Melrose Leadership Academy has occupied its current location around a year now. In this short period of time it's become an integral part of Oakland’s Maxwell Park. Stepping through the front door, one is immediately greeted by art. A beautiful interpretation of Oakland’s tree logo in beaming colors graces the entry. Throughout the school art is literally everywhere. MLA takes an integrated approach to involving art in its curriculum and the every day life of its students.
“We’ve always had art in the school, because it’s a way for students to understand themselves and the world. We don’t see it as an add-on, it’s an essential component of education,” said Moytra Contreras, Principal of Melrose Leadership Academy.
The school is bilingual and teaches students using a dual immersion approach. The goal is to teach both native English and native Spanish speakers fluency in both languages and increase cross-cultural awareness. The school’s philosophy of cultural diversity extends to its approach to the arts.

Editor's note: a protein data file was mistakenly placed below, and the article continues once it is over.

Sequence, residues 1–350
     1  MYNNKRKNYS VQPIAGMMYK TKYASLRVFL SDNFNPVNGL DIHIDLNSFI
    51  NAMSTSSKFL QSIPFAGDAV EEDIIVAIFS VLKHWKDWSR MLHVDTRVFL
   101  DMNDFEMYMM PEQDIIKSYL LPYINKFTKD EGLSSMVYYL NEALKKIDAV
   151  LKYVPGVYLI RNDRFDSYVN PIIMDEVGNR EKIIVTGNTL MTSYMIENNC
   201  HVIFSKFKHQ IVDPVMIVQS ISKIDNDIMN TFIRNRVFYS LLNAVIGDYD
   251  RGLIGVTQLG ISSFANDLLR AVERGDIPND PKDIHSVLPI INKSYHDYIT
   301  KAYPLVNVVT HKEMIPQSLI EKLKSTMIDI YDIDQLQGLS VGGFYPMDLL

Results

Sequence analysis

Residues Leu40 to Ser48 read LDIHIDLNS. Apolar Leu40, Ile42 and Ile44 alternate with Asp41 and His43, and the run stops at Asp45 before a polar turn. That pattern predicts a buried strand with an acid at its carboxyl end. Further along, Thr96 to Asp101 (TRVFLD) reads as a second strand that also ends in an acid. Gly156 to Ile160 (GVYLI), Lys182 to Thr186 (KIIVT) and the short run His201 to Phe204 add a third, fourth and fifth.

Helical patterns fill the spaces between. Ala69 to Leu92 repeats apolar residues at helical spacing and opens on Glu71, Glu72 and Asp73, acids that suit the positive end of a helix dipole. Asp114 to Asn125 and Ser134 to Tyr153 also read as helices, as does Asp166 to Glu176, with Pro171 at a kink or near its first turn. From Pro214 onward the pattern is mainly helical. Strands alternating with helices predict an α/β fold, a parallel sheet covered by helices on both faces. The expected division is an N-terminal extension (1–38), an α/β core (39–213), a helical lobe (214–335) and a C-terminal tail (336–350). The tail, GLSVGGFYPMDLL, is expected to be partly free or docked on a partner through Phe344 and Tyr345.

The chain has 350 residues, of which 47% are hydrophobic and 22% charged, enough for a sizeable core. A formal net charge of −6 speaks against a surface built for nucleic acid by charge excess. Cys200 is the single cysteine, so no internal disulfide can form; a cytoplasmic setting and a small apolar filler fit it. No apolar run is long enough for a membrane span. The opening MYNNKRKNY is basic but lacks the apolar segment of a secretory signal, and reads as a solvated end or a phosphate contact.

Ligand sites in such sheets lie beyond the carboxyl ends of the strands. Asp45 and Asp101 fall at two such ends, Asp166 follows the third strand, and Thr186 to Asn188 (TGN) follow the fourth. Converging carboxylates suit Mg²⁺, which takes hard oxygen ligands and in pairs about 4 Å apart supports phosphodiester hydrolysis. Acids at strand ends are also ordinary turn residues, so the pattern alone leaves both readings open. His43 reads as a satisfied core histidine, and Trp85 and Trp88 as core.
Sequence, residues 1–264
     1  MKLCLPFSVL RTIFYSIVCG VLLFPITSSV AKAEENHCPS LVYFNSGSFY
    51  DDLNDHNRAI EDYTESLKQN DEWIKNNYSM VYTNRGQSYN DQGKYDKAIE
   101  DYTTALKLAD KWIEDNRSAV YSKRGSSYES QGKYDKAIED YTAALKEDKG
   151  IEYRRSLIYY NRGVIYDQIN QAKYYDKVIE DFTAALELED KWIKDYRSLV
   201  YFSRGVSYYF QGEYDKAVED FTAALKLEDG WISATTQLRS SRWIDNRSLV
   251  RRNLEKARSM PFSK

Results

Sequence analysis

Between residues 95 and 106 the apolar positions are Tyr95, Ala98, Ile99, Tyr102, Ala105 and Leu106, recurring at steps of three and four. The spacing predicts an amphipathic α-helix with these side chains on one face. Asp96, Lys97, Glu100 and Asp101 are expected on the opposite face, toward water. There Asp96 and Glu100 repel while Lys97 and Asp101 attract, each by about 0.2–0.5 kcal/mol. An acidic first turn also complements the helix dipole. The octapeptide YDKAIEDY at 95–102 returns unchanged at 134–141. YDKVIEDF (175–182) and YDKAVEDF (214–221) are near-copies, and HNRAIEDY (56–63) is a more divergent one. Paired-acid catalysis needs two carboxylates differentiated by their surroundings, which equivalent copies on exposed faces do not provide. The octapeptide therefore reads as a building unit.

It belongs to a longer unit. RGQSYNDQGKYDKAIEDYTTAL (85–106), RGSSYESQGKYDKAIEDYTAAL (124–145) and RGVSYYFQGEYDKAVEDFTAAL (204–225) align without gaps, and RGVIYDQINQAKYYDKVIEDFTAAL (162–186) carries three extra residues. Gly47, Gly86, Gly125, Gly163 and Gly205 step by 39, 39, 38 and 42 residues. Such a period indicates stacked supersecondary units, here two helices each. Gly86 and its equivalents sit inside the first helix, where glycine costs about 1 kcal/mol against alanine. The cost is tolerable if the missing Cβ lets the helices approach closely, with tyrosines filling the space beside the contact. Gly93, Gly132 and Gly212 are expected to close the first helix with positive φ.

Parents are actively involved in the school. Standing in front of a mural by MLA’s middle school art teacher Pancho Pescador, one parent described her take on the school’s approach to art education.
“The kids focus on both urban graffiti-influenced street art and traditional visual arts,” explained Maggie Salop, parent to two third graders at the school.
The Pescador mural features Native American and animal figures. It is an impressive piece spanning the entirety of the wall surrounding the rear exit of the main building. A work in progress, it is already compelling. Pescador cleverly situates one male figure so he appears to be straddling the safety rail for the staircase.
Inside the building are more portable works: paintings by the students themselves. Iconic modern images such as Homer Simpson and the Oakland tree logo combine with imagery conjured from cultural experience and youthful imagination.
Parents and faculty are not the only members of the community involved in MLA’s arts and beautification programs. Jane Stallman, Oakland Sunrise Rotary Club coordinator, and community coordinator for the school’s Art Chair Project, was found working in the garden. The art chair project involved artists, some well known, donating "art" chairs to the school auction.
Stallman said of the project, “It was community-building, building a community of artists and their relationship to the school”